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See how our current work and research is bringing new thinking and new solutions to some of today's biggest challenges.

By Daniella Garcia Almeida '25
  • Cornell Atkinson
  • Cornell Cooperative Extension
  • Animal Science
  • Department of Entomology
  • School of Integrative Plant Science
  • Soil and Crop Sciences Section
  • Animals
  • Ecosystems
  • Plants
  • Soil
Solar energy developers and farmers need land to operate, and a Cornell research project aims to demonstrate how co-locating solar arrays on farmland can be an environmentally friendly way to benefit both the renewable energy and agriculture industries.

In 2019 the Climate Leadership and Community Protection Act set a goal to reach 70% renewable energy in New York by 2030; to meet that goal, 21.6 GW of utility scale solar must be installed, potentially using up to 129,600 acres of land. A 2021 Cornell report projects that the New York sheep industry could grow significantly alongside the renewable energy industry if many sites are grazed.

Motivated by the push from New York state toward renewable energy, a transdisciplinary team at Cornell launched the Solar Grazing Project to investigate optimal sheep grazing management around ground-mounted solar arrays to avoid panel shading. Started in 2019 by postdoctoral research fellow Niko Kochendoerfer and Mike Thonney, late professor and director of graduate studies in Cornell CALS Department of Animal Science, the project taps experts in animal science, soil carbon sequestration, vegetation biodiversity and pollinator habitats to take a holistic view of the ecosystem.

“Mike and I began hypothesizing sheep grazing and ideal management strategies,” said Kochendoerfer. “How many sheep per acre can a solar site pasture support? How many sheep do we need to successfully manage vegetation but also to provide ecosystem benefits like thriving pollinator habitat and optimized soil carbon sequestration?”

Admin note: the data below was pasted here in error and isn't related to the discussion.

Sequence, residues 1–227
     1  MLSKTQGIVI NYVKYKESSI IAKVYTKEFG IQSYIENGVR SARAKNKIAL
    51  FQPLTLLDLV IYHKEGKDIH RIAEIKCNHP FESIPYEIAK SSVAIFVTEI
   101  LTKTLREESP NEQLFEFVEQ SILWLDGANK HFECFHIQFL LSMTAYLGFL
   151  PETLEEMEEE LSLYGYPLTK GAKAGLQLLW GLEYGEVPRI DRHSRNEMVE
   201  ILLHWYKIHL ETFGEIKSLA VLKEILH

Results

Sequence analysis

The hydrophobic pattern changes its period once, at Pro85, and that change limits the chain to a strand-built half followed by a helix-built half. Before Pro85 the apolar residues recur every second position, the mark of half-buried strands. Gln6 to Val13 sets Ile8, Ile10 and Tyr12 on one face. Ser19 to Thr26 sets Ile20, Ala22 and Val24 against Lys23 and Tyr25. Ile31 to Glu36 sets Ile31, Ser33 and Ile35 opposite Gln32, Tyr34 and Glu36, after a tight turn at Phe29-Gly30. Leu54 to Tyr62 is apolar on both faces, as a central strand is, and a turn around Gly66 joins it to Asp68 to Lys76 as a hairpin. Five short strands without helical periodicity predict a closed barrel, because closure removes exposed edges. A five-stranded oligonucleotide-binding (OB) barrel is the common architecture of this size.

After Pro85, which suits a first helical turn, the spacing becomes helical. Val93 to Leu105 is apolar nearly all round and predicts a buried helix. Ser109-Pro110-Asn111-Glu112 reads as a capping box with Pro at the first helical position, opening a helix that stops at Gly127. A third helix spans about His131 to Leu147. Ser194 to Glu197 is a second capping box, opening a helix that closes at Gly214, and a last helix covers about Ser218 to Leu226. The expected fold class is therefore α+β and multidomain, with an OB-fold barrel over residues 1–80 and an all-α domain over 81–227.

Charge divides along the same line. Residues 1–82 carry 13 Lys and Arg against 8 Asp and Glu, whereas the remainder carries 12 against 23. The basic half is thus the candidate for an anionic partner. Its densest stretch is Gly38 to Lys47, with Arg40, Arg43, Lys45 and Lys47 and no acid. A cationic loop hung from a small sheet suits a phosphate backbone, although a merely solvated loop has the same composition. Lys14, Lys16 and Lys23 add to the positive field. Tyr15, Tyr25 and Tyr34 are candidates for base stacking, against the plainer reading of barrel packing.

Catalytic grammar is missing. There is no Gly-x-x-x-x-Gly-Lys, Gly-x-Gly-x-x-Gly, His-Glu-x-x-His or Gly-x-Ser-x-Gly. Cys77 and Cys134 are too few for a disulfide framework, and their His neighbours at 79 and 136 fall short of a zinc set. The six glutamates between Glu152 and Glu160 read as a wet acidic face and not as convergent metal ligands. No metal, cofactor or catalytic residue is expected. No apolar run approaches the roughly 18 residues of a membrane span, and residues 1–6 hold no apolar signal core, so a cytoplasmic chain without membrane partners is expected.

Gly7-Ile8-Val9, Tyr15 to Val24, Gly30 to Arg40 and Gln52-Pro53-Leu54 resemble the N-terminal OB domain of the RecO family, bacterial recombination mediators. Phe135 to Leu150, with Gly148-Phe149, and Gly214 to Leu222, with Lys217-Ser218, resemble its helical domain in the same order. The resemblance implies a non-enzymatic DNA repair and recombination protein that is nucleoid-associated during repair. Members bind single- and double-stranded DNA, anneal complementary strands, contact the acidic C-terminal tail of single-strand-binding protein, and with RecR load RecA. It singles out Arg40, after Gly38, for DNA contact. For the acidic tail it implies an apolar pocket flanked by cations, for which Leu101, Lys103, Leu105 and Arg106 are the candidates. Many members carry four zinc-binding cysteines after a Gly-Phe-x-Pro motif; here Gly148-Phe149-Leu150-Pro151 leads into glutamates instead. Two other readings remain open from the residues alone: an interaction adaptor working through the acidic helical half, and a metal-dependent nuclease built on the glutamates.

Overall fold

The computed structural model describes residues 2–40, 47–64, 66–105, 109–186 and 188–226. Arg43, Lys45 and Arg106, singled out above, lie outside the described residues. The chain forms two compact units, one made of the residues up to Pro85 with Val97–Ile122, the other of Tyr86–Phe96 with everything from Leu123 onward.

Niko Kockendoerfer with sheep

The 54-acre research site at the Cascadilla Community Solar Farm adjacent to campus is divided into five fenced arrays that serve as experimental blocks. Within each block, six different sheep grazing densities (mowed control, four, eight, 12, 16 and 20 sheep per acre) are tested to determine sheep management strategy for optimized animal welfare and production, plant biodiversity, pollinator habitat and soil carbon accrual.

Preliminary research results

Kochendoerfer tracks animal health data and flock productivity, as well as forage quantity and quality on site, to inform ideal vegetation management strategies from a sheep farmer’s perspective. Although the study is ongoing, Kochendoerfer has determined that sheep, if grazed at appropriate stocking densities, can effectively manage the vegetation in solar arrays, not allowing plants to grow to heights that would interfere with sunlight reception by the solar panels.

“Benefits for the sheep, such as quantities of high-quality forage, and optimally managed vegetation from a solar developer perspective are not mutually exclusive, profiting both industries,” said Kochendoerfer. “Sheep flocks also benefit from the shade provided by the panels in solar arrays, so animal welfare, flock health and productivity are high.”

Antonio DiTommaso, professor of weed science and chair of the Soil and Crop Sciences Section in the School of Integrative Plant Science evaluates how the resident vegetation on the solar array site might provide ecosystem services through the increased presence of pollinators and other beneficial insects. DiTommaso will also determine how the resident vegetation is impacted by the density and frequency of sheep grazing and whether plant species diversity is affected.

“So far, I am encouraged by the number and diversity of plant species present on the site despite two years of sheep grazing,” said DiTommaso. “Interestingly, several locally adapted plant species that were not present at the start of the project are now found on the site.”

Entomologist Scott McArt, assistant professor of pollinator health, is interested in understanding whether sheep grazing can benefit pollinator communities by providing more floral resources. According to McArt, the results of the study are promising and suggest that intermediate levels of grazing could, indeed, increase numbers of flowers and bees.